I am also aware of U.S. Pat. No. 4,073,516 which issued Feb. 14, 1978 to Kling. In this patent, the advantage of replacing a tower-based WECS with a gas-filled hollow body that carries a rotor assembly, current generator and alignment means is recognized. However, the apparatus disclosed in this patent for accomplishing these noteworthy objectives are complex. Initially, the system requires an alignment assembly for aligning the rotor to face into the wind, a ground anchor, and at least one captivating stay connecting the floating power plant to the anchor. The support body is connected to the captivating stay through a joint connection requiring three degrees of freedom. The rotors are gimbal-mounted at a variable relative position with respect to the support body but in fixed positions relative to one another. Additionally, the rotor assembly requires at least one pair of coaxially and coplanarly mounted counter-rotating rotors having their moments of momentum compensated. Again, while this patent does recognize the noteworthy advantage of elevating a wind-driven power plant into high-altitude winds by means of a lighter-than-air structure, the means for accomplishing same, it is felt, leaves much to be desired and may be impractical.
In my several co-pending U.S. patent applications (U.S. Ser. Nos. 200,103; 200,104; 200,105 and 200,106 filed Oct. 24, 1980, which have each issued, on Sept. 24, 1982, as U.S. Patents (U.S. Pat Nos. 4,350,896; 4,350,897; 4,350,898 and 4,350,899, respectively)), I have provided lighter-than-air wind energy conversion systems having main rotors that rotate independently of the gas-filled structures. While they are improvements over the prior art, such systems require large, heavy rotor blades. With the rotor fully exposed to the wind, the entire length of each blade must be aerodynamically shaped. Manufacturing such blades accounts for a great expense in the production of a WECS.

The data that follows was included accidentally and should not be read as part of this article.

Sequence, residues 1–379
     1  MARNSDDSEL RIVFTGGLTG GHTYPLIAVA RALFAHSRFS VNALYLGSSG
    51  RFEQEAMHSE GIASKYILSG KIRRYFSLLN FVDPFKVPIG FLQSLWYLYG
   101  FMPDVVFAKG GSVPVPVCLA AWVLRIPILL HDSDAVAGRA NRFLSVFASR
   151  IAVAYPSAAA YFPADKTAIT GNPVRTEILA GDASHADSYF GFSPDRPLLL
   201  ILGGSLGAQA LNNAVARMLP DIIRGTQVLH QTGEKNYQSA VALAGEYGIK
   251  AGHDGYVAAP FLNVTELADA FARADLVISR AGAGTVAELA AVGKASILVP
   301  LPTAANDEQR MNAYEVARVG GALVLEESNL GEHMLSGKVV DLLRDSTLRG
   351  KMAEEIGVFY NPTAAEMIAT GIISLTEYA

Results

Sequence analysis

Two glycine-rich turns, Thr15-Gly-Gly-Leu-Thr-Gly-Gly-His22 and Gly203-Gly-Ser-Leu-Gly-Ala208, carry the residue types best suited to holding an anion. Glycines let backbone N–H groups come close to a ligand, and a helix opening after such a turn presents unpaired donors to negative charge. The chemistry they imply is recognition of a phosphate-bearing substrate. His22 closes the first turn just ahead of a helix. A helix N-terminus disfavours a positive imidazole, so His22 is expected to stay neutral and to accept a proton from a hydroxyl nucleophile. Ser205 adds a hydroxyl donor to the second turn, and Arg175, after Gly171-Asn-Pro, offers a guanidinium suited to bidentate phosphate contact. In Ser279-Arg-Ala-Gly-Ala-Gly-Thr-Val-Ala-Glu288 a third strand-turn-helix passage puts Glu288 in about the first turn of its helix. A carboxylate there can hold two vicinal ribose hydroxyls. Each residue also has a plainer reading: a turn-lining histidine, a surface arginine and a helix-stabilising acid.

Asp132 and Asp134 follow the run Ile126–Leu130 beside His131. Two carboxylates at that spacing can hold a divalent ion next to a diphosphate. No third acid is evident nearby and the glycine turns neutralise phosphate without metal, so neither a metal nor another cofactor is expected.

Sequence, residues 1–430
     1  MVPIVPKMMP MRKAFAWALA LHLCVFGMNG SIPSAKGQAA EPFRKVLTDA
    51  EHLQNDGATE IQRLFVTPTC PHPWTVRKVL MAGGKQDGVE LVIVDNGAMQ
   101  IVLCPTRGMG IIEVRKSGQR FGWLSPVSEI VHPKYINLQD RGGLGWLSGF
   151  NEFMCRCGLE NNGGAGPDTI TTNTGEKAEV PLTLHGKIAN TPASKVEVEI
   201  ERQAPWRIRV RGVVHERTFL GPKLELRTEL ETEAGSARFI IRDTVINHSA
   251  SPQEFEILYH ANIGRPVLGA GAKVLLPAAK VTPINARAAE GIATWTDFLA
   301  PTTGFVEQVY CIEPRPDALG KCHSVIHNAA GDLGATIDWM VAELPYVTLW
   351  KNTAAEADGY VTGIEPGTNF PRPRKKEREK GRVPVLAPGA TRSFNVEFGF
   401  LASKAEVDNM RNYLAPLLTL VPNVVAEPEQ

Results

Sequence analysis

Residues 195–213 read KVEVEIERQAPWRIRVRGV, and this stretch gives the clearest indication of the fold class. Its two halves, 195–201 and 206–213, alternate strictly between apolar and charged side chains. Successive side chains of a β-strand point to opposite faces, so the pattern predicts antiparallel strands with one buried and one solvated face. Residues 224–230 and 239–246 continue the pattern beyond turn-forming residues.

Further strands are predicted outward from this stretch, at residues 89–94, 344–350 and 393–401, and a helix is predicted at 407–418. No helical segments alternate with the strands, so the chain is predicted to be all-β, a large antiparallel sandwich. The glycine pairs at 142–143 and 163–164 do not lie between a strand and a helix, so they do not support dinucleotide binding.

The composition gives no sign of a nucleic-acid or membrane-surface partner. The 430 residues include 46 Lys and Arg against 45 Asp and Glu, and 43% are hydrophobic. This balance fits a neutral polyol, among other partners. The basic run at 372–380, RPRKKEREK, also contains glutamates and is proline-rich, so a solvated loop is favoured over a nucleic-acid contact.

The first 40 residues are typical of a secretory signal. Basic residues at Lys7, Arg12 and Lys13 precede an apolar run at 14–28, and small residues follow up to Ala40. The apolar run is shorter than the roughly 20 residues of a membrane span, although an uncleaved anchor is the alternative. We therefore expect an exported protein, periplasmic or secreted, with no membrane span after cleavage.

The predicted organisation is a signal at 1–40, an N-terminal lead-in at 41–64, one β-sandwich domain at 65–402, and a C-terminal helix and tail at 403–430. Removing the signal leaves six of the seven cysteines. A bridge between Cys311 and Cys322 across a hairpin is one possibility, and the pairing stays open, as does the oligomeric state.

One pending U.S. patent application (U.S. Ser. No. 200,103) discloses a hollow-bladed main rotor mounted on bearings attached to a non-rotating duct. Opening a passageway for air flow between the duct and the rotor requires expensive seals and usually results in an efficiency loss since the air flow path must be altered at some point.
It is towards achieving a general increase in efficiency in an LTA-WECS that the present invention is advanced.
I am also aware of the following U.S. Pat. Nos. 1,717,552; 2,384,893; 2,433,344; and 3,936,652.
It is therefore a primary object of the present invention to provide a wind energy conversion system (WECS) which is coupled to a lighter-than-air (LTA) structure for taking advantage of high energy density winds at high altitudes in a more efficient and economical manner than heretofore possible.
Another general object of the present invention is to provide a wind energy conversion system which overcomes the disadvantages and deficiencies noted above with respect to prior art WECS.
A further general object of the present invention is to provide a wind energy conversion system which totally eliminates the complications associated with ground-based systems, including those associated with tower structure and cost.